Sawankoloke-Sukhothai Wares from the Empress Place Site, Singapore
Cheryl-Ann Low, Curator, Singapore History Museum
Textual records suggest that Singapore and Thailand had a political
relationship in the 14th century. Wang Dayuan, a Chinese traveller who
visited Singapore in the 14th century recorded an attack by the Siamese
sometime before 1349. A 16th-century account records that a local ruler
in Singapore was a relative and vassal of the Siamese king. The former
was murdered and his position usurped by a renegade prince from
Palembang. the Siamese consequently drove the usurper out of Singapore.
An archaeological excavation was conducted at the Empress Place Building
site in 1998. The discovery of ceramics produced by the kilns of
Sawankoloke and Sukhothai in the 14th and 15th centuries adds another
dimension to the knowledge about the trading relationship between
Singapore (Temasek) and Thailand (Ayutthaya).
Musk Trade with Asia in the Early Modern Period
Peter Borschberg, Department of History, National University of
Musk, strictly speaking, is the odoriferous glandular secretion of the
Asian musk deer. In the English language, the term has been loosely
applied to a serious of potent odours (usually bodily fragrances) both
of animalic and non-animalic origin. For much of the early 16th to the
early 18th centuries, the origins of musk remained a mystery. This
article examines a host of aspects relating to the early modern musk
trade between Asia and Europe, including period beliefs on its animalic
origin, price structure, networks of trade, transport, forgeries and use
in daily life or as a substance in pharmacology.
The Cult and
Festival of the Goddess of the Sea - a Maiden Encounter with Mazu
Szan Tan, Assistant Curator, Asian Civilisations Museum
The belief in the Goddess of the Sea is still very much alive in Taiwan
today. During the annual celebration of her birthday, hundreds and
thousands of devotees flock to greet and worship her. This essay is
based largely on my personal experience during a Mazu birthday
celebration in Taiwan. It provides a first-hand account of the goddess'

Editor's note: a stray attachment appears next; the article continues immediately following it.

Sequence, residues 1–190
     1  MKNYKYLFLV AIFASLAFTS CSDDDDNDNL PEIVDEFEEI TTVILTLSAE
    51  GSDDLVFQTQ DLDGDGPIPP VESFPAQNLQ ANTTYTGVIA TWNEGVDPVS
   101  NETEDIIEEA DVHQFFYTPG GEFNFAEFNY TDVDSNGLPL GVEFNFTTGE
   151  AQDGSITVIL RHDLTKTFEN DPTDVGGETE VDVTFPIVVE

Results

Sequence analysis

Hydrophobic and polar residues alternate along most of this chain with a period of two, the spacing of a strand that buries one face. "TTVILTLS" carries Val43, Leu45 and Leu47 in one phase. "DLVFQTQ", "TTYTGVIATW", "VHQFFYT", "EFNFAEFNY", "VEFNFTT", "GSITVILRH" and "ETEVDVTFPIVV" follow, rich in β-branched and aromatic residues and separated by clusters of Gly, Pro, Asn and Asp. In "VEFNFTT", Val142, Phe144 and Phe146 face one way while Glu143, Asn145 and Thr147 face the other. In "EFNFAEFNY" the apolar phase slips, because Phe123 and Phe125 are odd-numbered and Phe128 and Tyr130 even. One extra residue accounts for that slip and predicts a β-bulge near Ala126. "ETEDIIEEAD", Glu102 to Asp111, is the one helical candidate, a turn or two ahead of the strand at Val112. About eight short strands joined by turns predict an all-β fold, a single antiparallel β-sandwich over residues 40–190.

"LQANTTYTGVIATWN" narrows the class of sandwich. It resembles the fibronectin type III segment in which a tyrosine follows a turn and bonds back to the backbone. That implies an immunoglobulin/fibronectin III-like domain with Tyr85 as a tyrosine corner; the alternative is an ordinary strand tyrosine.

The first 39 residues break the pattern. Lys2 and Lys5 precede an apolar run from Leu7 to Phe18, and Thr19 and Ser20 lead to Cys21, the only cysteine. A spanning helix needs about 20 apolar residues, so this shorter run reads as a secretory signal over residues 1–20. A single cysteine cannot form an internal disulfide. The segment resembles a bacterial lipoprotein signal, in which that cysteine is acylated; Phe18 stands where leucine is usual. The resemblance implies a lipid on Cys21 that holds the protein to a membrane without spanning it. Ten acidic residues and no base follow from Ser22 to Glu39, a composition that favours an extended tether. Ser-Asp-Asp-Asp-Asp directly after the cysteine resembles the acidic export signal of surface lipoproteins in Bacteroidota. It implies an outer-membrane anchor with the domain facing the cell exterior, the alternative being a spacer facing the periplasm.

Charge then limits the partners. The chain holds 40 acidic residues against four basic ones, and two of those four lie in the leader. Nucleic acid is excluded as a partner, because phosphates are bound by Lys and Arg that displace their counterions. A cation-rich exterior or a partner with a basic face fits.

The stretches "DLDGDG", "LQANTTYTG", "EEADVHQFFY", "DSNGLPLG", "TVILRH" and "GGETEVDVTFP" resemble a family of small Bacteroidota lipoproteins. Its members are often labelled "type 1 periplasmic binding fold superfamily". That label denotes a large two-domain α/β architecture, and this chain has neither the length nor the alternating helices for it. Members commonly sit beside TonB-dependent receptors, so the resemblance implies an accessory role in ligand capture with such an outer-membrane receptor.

continuing influence in modern day Taiwanese society. The Goddess of the
Sea is known popularly as Mazu, Tianfei, Tianhou (Heavenly Concubine),
Tianshang Shenmu (Empress of Heaven) and Tin Hau (also Heavenly Empress
in Cantonese, used by the people in Hong Kong). Her influence can be
attributed to the growth of coastal regions of China as trading and
economic centres. Mazu's popularity began in the fishing communities of
the southern coasts of China, especially in Fujian and Guandong. By the
19th century, the cult of Mazu had become deeply entrenched in Taiwan,
Hong Kong and many Chinese communities in Southeast Asia such as
Singapore, Malaysia (Malacca and Penang), and Indonesia (Semarang).
Notes and Reviews
Chung May Khuen, Singapore History Museum
Since 1996, the South Asia curatorial team of the Asian Civilisations
Museum has been conscientiously documenting the art and culture of South
Asians in India and Singapore. This paper highlights some of the lessons
learnt by the team during a three week working visit to North India.
Hopefully it will encourage and inspire more people to undertake similar
projects in India.
Articles from the
Art and Industry (originally published in Heritage, 1978)
Joseph McNally, LASALLE-SIA College for the Arts
This article was written in 1978 by the late Brother Joseph
McNally. Brother Joseph was an educator and artist, born in
Ireland but a citizen of Singapore. For many years he played
a key role in pushing for more investment in arts education
in Singapore, an effort that culminated in the formation of
the LASALLE-SIA College for the Arts. In this article
Brother Joseph argues for the importance of arts education
in design for industry. Interestingly his arguments are
aimed as much as artists concerned with "a nineteenth
century 'art for art's sake thinking'" as it is aimed at
planners and administrators who downplay the importance of
arts education. He also takes aim at the "spoon-feeding"
approach of Singapore education at the time. His words have
a great resonance in Singapore 25 years later, at a time
when design and creativity in education are receiving new
levels of attention.